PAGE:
What is a rock?
Rocks are very tiny grains of different minerals, compressed together in a chemical reaction to form a larger mass. Rocks make up the non-water part of the earth’s crust.
A mineral and a rock do not mean the same thing. A mineral is made up of an individual element or a combination of elements. It has the same substance throughout. A rock is made of a combination of two or more different minerals. Rock may also contain organic compounds.
They come in infinite sizes, shapes, colors, weights, textures, and strengths. Rocks constantly change from one type to another, and from place to place, in a cycle known as the rock cycle. This change does not occur in short periods—they take thousands to millions of years to change.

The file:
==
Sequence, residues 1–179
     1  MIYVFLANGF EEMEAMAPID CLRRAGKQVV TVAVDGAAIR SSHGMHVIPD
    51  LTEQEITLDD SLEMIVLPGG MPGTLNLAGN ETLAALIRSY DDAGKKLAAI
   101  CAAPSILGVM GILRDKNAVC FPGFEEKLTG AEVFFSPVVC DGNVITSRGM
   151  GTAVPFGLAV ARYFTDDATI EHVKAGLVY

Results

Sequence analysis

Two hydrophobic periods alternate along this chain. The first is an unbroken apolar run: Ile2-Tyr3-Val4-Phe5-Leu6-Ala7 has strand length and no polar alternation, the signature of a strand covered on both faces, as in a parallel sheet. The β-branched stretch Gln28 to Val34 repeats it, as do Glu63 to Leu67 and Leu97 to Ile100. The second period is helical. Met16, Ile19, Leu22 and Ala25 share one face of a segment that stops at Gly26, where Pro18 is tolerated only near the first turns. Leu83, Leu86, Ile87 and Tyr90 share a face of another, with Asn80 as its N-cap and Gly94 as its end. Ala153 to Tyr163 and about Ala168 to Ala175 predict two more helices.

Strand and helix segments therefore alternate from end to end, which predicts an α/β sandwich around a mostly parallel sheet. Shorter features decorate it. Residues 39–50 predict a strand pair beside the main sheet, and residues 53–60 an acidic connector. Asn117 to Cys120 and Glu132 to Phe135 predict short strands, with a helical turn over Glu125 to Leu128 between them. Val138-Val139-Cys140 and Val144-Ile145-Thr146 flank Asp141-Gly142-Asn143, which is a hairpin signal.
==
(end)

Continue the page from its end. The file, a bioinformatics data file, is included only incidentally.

Rocks may be hard or soft. It depends on the way the tiny grains interlock with each other. Rocks with rough grains fitting perfectly into each other tend to leave no room for moisture. As a result, they are harder and non-porous. Granite is a good example.
Rocks with rounded or fine grains often have spaces that hold moisture and tend to be softer. They crumble quicker than hard rocks. Rocks that have lots of spaces that hold water, or through which water can pass are called porous rocks. Sandstone is a great example.
Soils, sands, and rocks.
Sand is the fine debris resulting from broken-down rocks (weathered). Sand, therefore, carries the same or similar properties of the rocks that they came from. Soils are sands that contain air, water, and organic materials, in proportions that support the growth of plants and organisms that live in them. Many plants and animals rely on soils for survival.
How do rocks form?
Different rocks form from different processes. In the next few pages, we will see how the three main rock types (Igneous Rocks, Sedimentary Rocks, and Metamorphic Rocks) form.